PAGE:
What went wrong?

Stakeholders and experts in the building industry said the probe by the panel should be all-encompassing.

The president of the Architects Registration Council of Nigeria (ARCON), Dipo Ajayi, in a chat with Daily Trust Saturday, said there were many things that could have gone wrong with the building.

The Nigerian Institution of Estate Surveyors and Valuers (NIESV) expressed shock over the poor quality of work done and the lack of professional handling of the project, which led to the sudden loss of lives.

Otunba Saheed Makinde, the national publicity secretary of the institution, who spoke on behalf of the president, Sir Emmanuel Okas Wike, asked the Lagos State Government to stand firm in its investigation and evaluation of the building collapse to bring those guilty to book and avoid further occurrence.

The developer

The developer of the ill-fated building, Olufemi Adegoke Osibona, otherwise called Femi Fourscore, is a native of Ikenne in Ogun State. Born in 1966, he had his primary education in Lagos before moving to Mayflower School in Ikenne. 

From Mayflower, he proceeded to Croydon University in the United Kingdom (UK), where he studied Business and Finance.

Osibona started shoes and suits business in 1991 before venturing into real estate development in 1997.

Osibona’s real estate development firm, Fourscore Homes, is a member of the National Home Builders Registration Council (NHBRC) in South Africa and Zurich Building Guarantee in Europe.

The company exhibited its expertise in property development in the UK, South Africa, the United States (US) and Nigeria.

Osibona is said to be the first African developer to construct a seven-storey building at the highbrow Albion Drive, London Fields in East London.

After that, he moved to South Africa in 2009, where he built six luxury units of houses called Fourscore Mansions in Waterkloof, Pretoria.

Osibona, a member of the Celestial Church of Christ (CCC), also sought divine consultation on where to invest from popular tele-evangelist, Matthew Ashimolowo of the Kingsway International Christian Centre (KICC).

Speaking at an event organised by the Commonwealth of Zion Assembly (COZA) on July 4, 2021, Ashimolowo narrated his encounter with Osibona and how he encouraged him to invest in Nigeria.

“They call him Femi Fourscore. Femi comes to Lagos, boom, he buys land in Ikoyi and builds 40 apartments and sold each one for like a million dollars.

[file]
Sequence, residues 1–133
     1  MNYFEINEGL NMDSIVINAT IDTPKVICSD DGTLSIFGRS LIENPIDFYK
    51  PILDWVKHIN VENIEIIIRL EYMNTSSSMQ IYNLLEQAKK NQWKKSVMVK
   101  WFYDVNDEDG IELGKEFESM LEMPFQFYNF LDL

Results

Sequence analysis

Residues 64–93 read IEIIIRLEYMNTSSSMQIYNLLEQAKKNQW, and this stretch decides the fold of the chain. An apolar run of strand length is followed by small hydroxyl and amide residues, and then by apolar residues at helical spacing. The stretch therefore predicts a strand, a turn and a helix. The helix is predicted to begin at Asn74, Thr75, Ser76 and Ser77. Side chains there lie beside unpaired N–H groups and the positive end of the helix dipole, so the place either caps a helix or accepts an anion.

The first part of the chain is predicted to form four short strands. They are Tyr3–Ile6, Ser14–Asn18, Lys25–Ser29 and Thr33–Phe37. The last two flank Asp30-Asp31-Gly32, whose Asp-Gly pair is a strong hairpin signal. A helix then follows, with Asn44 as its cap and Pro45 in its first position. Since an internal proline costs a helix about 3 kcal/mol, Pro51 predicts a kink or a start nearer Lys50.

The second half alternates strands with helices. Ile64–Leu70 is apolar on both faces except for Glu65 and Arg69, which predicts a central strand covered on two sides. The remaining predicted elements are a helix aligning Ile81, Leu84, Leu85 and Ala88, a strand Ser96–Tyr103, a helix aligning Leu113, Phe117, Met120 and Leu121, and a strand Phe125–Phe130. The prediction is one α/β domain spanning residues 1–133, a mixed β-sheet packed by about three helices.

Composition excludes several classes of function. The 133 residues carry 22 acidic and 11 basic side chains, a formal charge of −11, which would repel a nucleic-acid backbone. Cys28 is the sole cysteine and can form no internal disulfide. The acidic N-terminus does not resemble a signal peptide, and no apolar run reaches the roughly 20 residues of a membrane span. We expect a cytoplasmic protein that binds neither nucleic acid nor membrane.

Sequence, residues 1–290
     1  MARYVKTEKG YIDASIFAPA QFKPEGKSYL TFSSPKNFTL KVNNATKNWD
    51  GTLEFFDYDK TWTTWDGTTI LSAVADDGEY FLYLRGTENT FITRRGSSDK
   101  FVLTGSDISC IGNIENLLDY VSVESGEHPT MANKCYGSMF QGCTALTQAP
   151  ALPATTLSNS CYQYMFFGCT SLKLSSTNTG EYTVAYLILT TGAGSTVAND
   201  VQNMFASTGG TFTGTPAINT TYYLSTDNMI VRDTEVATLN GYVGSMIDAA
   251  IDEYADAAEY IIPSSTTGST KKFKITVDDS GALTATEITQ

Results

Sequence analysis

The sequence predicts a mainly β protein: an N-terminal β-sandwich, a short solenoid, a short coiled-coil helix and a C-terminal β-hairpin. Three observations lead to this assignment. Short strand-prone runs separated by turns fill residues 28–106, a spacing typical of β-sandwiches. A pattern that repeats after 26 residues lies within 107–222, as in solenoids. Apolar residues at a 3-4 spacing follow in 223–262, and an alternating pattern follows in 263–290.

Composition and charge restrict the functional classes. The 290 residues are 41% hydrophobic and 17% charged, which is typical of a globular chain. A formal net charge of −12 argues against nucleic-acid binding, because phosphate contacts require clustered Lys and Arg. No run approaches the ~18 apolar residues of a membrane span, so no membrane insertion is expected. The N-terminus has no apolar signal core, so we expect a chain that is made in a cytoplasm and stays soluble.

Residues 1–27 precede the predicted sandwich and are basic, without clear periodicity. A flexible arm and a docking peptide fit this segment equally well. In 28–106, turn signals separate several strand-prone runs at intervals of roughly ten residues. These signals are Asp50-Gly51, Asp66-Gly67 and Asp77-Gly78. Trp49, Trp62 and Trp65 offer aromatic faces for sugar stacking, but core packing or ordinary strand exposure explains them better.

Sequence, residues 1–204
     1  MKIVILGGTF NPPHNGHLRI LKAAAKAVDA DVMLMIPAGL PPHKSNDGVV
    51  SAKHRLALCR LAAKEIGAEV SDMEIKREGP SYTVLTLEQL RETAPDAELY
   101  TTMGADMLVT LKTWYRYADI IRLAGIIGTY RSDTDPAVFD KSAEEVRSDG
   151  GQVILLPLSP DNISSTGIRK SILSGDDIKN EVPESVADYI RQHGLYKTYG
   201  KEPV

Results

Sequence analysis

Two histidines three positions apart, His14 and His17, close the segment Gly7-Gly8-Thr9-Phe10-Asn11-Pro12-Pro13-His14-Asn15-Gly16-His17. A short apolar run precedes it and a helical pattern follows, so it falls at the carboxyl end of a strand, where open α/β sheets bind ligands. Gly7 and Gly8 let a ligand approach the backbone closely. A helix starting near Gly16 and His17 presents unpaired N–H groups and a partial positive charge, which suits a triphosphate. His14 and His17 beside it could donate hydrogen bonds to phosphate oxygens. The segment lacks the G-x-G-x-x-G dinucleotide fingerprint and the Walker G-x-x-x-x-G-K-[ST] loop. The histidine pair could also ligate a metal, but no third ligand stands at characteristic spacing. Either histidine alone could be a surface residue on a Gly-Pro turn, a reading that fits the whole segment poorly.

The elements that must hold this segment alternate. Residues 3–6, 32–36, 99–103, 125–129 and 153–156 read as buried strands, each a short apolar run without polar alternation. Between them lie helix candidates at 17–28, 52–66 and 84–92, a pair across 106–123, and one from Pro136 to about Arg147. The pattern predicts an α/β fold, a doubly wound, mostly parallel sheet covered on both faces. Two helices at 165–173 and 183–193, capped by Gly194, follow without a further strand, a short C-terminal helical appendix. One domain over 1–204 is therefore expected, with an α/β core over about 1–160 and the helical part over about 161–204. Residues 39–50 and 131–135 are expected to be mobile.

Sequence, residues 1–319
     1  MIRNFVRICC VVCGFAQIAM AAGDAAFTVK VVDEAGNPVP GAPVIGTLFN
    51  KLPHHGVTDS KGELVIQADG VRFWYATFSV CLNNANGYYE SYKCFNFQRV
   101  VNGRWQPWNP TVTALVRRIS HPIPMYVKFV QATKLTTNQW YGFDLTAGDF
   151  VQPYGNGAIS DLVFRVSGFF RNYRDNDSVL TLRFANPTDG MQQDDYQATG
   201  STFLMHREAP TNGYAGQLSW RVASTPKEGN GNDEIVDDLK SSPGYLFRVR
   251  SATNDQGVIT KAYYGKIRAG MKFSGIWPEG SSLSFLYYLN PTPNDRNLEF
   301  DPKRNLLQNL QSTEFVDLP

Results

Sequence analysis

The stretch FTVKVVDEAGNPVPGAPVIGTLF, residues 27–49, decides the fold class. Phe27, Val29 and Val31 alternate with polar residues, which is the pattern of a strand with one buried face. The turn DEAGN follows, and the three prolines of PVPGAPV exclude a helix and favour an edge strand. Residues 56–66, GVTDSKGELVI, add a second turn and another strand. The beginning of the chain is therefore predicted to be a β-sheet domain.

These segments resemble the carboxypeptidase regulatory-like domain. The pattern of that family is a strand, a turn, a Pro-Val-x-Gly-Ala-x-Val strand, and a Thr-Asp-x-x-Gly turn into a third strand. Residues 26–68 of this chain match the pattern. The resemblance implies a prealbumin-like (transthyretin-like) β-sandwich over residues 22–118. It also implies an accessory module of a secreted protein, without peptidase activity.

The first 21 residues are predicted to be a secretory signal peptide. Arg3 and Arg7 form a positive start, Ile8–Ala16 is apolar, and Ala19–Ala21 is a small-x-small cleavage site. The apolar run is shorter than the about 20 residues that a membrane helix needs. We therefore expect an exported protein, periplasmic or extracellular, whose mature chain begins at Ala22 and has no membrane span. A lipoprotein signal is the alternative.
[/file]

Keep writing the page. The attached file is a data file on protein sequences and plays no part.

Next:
“As I am talking to you right now, in fact, this morning, Femi sent me a video. He’s building, I think three towers together. We know Ikoyi.  One is 14 floors, one is 16 floors and one is 21 floors.

“This guy used to sell shirts and ties in Abuja. He didn’t even have the shirt and tie I wanted from him, so he went to others to get them for me during that crisis journey. Now, he has three towers,” he had said.

However, the ill-fated Ikoyi building is not the first time Osibona’s structures suffered damage.

In a chat with Celestial Ovation Talk Show, Osibona narrated how four of his 24 flats in Atlanta, Georgia in the US were razed.

He revealed that the US inferno turned out to be a blessing for him because the money paid him by an insurance firm was more than what he expended on the purchase of the entire flats.

Kinsmen mourn Osibona

The developer of the property, who also died in the incident, was described as an accomplished real estate professional.

He was said to have successfully executed such gigantic properties in South Africa, UK and US and planned to replicate the same in his country. But he could not achieve his dream as he was brought out dead from the rubbles on Thursday.

He was identified as one of the illustrious sons of the ancient town of the late sage, Chief Obafemi Awolowo.

Adeyemi Adefulu, MFR, one of his kinsmen said, “Ikenne is in the throes of big mourning and an unaccustomed retreat and seclusion.

“The voices of women in the marketplace are muted. There are no sirens, no jokes in the bars and city square and no celebrations and no confidence in the air.

“Ikenne is in deep mourning because the town, which has been known for every good thing, is suddenly at the centre of a national calamity of monumental proportions over the Gerard Road national disaster in which a towering building of 21 floors came crashing down, taking with it over 30 lives, including that of an emergent 53-year-old son of Ikenne, who is the developer of property supposed to be a game-changer.

“Femi did not die alone. So many, we may never know, died with him. Instead of being a source of inspiration for many young people, his death will dampen the hopes and aspirations of many.”

Abiodun Alade, Abdullateef Aliyu, Christiana T. Alabi, Eugene Agha & Risikat Ramoni, Lagos